waveflyer

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Starting salaries?

Ever see the starting salaries of internists? Low salaries while putting your basic time in is common.

Starting over at those low salaries when changing companies is a failure of unions to adjust to times after deregulation

it's what happens when the senior call the shots
 

pilotyip

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could not agree more

You guys have me all wrong.

I agree that we SHOULD have only highly qualified and highly intelligent and highly capable pilots.
and college is not necessary for this, lets make a 28 on the ACT or 1300 SAT a requirement for an ATP. Better yet lets make it retro for even safer skies.
 

mesaserf

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The arts and humanities portion of my Bachelors of Science degree was in my opinion the most valuable portion of my education. It has allowed me a much fuller and richer life than if I had just stuck to technical studies.
 

DTW320

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Hmmm... I think you are mistaken. I didn't say it was an "intellectual difference." I'll readily agree that lots of pilots are smarter than I. You might be one of them. What I did say was that the intellectual requirements for entry are quite low. That is, someone not terribly bright CAN get a commercial, CFI, ATP, fly freight, get on with airline X and fly a transport category aircraft.

If it were the case that there were onerous requirements for the job then indeed the pilot supply would be limited. Let's say for example, you must have scored in the 95th percentile on a standardized test to be a pilot. That would limit the number of people that could do the job. Or if for example, the written test for an ATP were so hard that it produced a failure rate of 95 percent. That too would limit the supply of pilots.
Actually, you said exactly that:

That is why it is possible to pay very low wages to people that are intellectually limited.

In my profession however, the bar for a minimally functioning employee is quite a bit higher and as a result; starting salaries are much higher.
So, all that is required to get an ATP and/or a type rating is a written test? There is no intellectual value in the process requirements to pass a type ride and oral? I think it could certainly be argued that to pass a type ride/oral an applicant has to achieve at least the equivalent of a 95%.

Back to the bigger question that you did not answer. If you have never gone through a type rating or ATP how are you qualified in the least to render an opinion of how hard or intellectually demanding it is? I've flown non-type rating required Cessna, Piper, Beech, and Grumman airplanes. Lots of fun. No comparison however to the multi-hour orals and sim/aircraft rides required for the transport category a/c I've flown and been typed in. Not to mention the "intellectual" efforts required when the Thales or Honeywell computers that your IT buds programmed have screwed up or quit working.
 
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pilotyip

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And what was the accident rate?
It was extremely high over 15,000 aircrew died in stateside training accidents between 1940 and 1945. This was a combination of college and academy graduates and high school graduate. In the stats showed the commissioned officer with a college degree crashed a higher rate than their high school grad cadet ranks.
 

waveflyer

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Yip-
we get your opinion

I agree and know several very good pilots w/ no degree - 2/3 are a bit rough around the edges however and have a bit of a complex about their lack of education.

In the 121 world- right or wrong, like it or not - the pilots are an ambassador for the airline- you will get stopped at some of the strangest times and ought to be able to converse on many different levels. This gives the traveling public confidence.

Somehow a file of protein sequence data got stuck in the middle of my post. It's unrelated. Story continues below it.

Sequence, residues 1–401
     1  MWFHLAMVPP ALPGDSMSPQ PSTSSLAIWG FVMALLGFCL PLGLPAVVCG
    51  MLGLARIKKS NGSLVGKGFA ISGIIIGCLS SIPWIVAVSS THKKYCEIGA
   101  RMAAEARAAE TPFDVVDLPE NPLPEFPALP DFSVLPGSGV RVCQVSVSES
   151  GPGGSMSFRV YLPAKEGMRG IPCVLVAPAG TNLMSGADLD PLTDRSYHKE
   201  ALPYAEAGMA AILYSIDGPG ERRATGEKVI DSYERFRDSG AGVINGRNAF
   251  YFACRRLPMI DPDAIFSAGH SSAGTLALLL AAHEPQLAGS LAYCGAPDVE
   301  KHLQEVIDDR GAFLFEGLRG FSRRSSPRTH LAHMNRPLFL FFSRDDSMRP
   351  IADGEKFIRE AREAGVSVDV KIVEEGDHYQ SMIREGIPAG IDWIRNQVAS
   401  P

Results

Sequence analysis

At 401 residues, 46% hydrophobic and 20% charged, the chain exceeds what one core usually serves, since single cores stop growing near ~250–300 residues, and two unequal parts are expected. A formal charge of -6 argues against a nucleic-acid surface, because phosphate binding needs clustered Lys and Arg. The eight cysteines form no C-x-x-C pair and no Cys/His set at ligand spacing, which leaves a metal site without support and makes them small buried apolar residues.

It is not perfect - but the best way to ensure that you have pilots capable of performing that ambassador duty is to hire those w/ a basic 4 year degree.

As far as standards go- it's not that difficult an achievement- shows a baseline
of discipline and social skills.

The no college degree type is a complete mystery- might be brilliant- might be rough-
and when hr needs to hire a quick 500 pilots- they have to use a statistical argument in their practices -
 
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Cardinal

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It is much easier to fly a jet and input data to an FMS than it is to write a complex computer program.

Perhaps. But if you select the wrong NDB in said FMS the airplane turns around in a narrow valley and you die spectacularly in a flaming crater on the top of a Colombian mountain. Pretty much the same.
 

waveflyer

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You know what the last words of the Microsoft flight sim/ gamer types are in an airplane?

"Wait! I've still got 3 lives!!!"
:laugh:
 

inthepool

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Still no word from cynic about his wealth of experience with transport category aircraft? Interesting that he declined to comment on it earlier as DTW320 pointed out for us...
 

waveflyer

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He doesn't have it. That's ok.
Like a kid in college alive w/ the optimism and arrogance of what he believes he can do-
he's forgetting the humility required when in the presence of those who actually have.

Types aren't especially challenging to me anymore- though I better treat them as if they are or they get infinitely harder- but if I pu in the time- it's easy.

But that first one. The culmination of years of sacrifice -ramping up to 3-4 months of pre-captain studying- self induced pressure combined with the real pressure of a commuter that would think nothing of failing me if I didn't meet the standards of the hundreds who came before me- knowing that a failure would follow me throughout my career.

Types are easy now bc I succeeded then. I'll never forget that.

Courage defines this career in a lot of ways. Grace under pressure. Financial pressure. Emotional pressure as we go after a unique experience and career.

It's not great form to critique those who stuck it out through all the pressures- while you chose a less risky career behind a desk.

But most of (guys and girls) had our nuts drop a long time ago- and truly don't care what those who don't do what we do- think about what we do.